Think before you ink: Georgia a top state for regrettable tattoos

Kirin McHugh wanted a tattoo to honor her late Aunt Mary, who loved the ocean. She wasn't thrilled with the results.

Credit: Kirin McHugh

Credit: Kirin McHugh

Kirin McHugh wanted a tattoo to honor her late Aunt Mary, who loved the ocean. She wasn't thrilled with the results.

Tattoos can be a unique and beautiful way to express yourself but occasionally people wind up rethinking their ink.

Georgia ranks sixth among most “regrettable” tattoos, according to a recent study by the tattoo removal experts at LLTattoo. Researchers analyzed Google searches for topics such as removing or covering up tattoos and compared those numbers to the states’ populations.

“In the world of body art, tattoos often represent deeply personal stories, passions, or experiences. However, when alcohol is involved, some people might make decisions they later regret,” said LLTattoo spokesperson Mentor Dedaj.

The state with the most regrettable tattoos is Colorado, followed by Oregon and California, the study found. Washington and Arizona complete the top five. Florida is the only Southeast state beside Georgia to crack the top 10.

According to the Pew Research Center, 32% of Americans have a tattoo. Most are tickled pink with their ink but 24% say they regret getting one or more of their tattoos.

If that’s you, be aware that removal isn’t a “one and done” procedure, said Aysha Samone Monk, who consultants customers at Body Details in Kennesaw.

“It is a painful process, I’m not going to lie to you,” Monk told The Atlanta Journal-Constitution. “It does take many sessions and it’s going to be more painful than getting a tattoo.”

Maybe the tattoo has faded and the customer wants it removed to get it re-done. Other times, it’s just not the tattoo the person wanted, Monk said.

When her beloved Aunt Mary died, Kirin McHugh of Smyrna wanted to get a tattoo to honor her. She wanted a small fish because her aunt loved the ocean, along with her nickname for her, Mar.

But what she got on her foot wasn’t the sweet memory she wanted.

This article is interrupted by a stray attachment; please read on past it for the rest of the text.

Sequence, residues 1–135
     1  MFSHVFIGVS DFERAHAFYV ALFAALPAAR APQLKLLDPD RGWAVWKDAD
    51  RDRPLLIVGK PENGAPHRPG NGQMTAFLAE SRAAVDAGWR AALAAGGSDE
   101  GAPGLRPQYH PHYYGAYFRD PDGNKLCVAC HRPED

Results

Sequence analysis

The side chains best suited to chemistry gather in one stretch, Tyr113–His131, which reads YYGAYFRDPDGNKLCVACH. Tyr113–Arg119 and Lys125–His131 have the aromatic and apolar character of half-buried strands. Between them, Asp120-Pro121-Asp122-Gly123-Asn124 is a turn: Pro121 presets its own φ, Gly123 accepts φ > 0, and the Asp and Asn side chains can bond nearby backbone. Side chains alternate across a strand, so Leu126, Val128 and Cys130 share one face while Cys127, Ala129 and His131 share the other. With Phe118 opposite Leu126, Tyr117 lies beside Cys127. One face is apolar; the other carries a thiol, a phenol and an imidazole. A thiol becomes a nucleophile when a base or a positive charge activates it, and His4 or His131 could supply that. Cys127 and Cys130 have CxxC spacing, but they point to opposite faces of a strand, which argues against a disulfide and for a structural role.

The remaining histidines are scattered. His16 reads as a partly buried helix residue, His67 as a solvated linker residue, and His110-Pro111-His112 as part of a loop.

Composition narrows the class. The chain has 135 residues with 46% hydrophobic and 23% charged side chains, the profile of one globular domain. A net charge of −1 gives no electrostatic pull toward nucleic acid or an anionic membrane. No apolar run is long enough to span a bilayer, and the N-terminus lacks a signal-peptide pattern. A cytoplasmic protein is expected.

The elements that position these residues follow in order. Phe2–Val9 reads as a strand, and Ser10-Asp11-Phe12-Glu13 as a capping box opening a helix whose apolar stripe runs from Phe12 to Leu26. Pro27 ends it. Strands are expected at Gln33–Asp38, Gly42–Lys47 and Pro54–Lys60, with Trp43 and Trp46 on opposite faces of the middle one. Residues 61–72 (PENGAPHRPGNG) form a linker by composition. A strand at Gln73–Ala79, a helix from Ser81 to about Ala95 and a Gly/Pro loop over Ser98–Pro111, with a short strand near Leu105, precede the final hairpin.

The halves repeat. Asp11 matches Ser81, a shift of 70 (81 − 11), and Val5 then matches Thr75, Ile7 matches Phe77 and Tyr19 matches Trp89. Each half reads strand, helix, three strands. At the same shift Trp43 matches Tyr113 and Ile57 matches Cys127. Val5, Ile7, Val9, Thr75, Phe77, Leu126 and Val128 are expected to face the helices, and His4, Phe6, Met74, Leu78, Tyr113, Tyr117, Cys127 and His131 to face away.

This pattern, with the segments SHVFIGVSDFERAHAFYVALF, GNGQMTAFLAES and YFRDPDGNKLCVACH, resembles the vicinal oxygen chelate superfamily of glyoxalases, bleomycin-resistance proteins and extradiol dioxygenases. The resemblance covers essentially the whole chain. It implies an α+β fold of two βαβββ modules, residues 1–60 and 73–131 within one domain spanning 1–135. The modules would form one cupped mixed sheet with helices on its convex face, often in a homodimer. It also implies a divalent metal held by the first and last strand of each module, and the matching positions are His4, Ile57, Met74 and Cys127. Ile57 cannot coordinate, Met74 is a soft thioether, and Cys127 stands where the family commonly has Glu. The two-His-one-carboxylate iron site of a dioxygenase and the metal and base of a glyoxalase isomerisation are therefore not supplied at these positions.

“I got talked into by an ex-boyfriend and the tattoo artist,” McHugh said. “The adrenaline was going and I kept telling myself he was the best one to make the decision because he was the artist.”

She hated the result so much, she initially hid it from her family. Now, McHugh said she tries to avoid looking at it.

“I just deal with it,” McHugh said. “I’m thinking about maybe getting it covered up or a redo so I don’t have to look at it every day. I should’ve left the tattoo parlor and said no.”

Colby Doepel of Smyrna says he has lost track of how many tattoos he has.

Credit: Colby Doepel

icon to expand image

Credit: Colby Doepel

Colby Doepel said he can’t keep track of all of his tattoos, and many represent stories and life experiences.

“I have a million,” he said “I don’t even know how many I have.”

Doepel said he doesn’t regret his tattoos, but his husband is not a fan.

“He hates tattoos and I’m covered in them,” Doepel said. “My body, my choice.”

As a nurse practitioner, Doepel says he catches some patients look at his tattoos, that all end by the mid-forearm. He doesn’t want them on his face or neck, he says.

“As many as I have, you’re blind to them. I don’t even notice them,” Doepel said. “I don’t see them until someone points them out.”

For those with “ragrets,” to cite the tatt scene in the Jennifer Aniston-Jason Sudeikis comedy “We’re The Millers,” there are options, according to Erin Cook, whose family runs Sink or Swim Aesthetics in Marietta. Cook said the business, previously known as Psycho Tattoo, has been in operation nearly 30 years.

“It’s not permanent,” Cook said. “It’s really not. We see it every single day.”

Often, people want the “it was cool back then” tattoos removed from their face or neck, Cook said. Or the person had a tattoo representing a gang they aren’t affiliated with anymore. And there are others, such as victims of sex-trafficking, who were “branded” with a tattoo they never wanted.

Other times, the original tattoo has simply faded over the years and the customer wants to update it with fresh ink, Cook said.

But it’s always important to do research before getting a tattoo or getting one removed, she explained.

“If you feel like you’re being pressured into making a decision into getting a tattoo, have the confidence to say no,” Cook said. “Have the confidence to work with your artist and so he or she can make you a rendering until you like it.”

It’s important to find a reputable place that values safety when getting a tattoo, Cook said. It’s not the time to find a bargain.

“I genuinely want to help people,” she said. “We are all about helping people look good, feel good, change something.”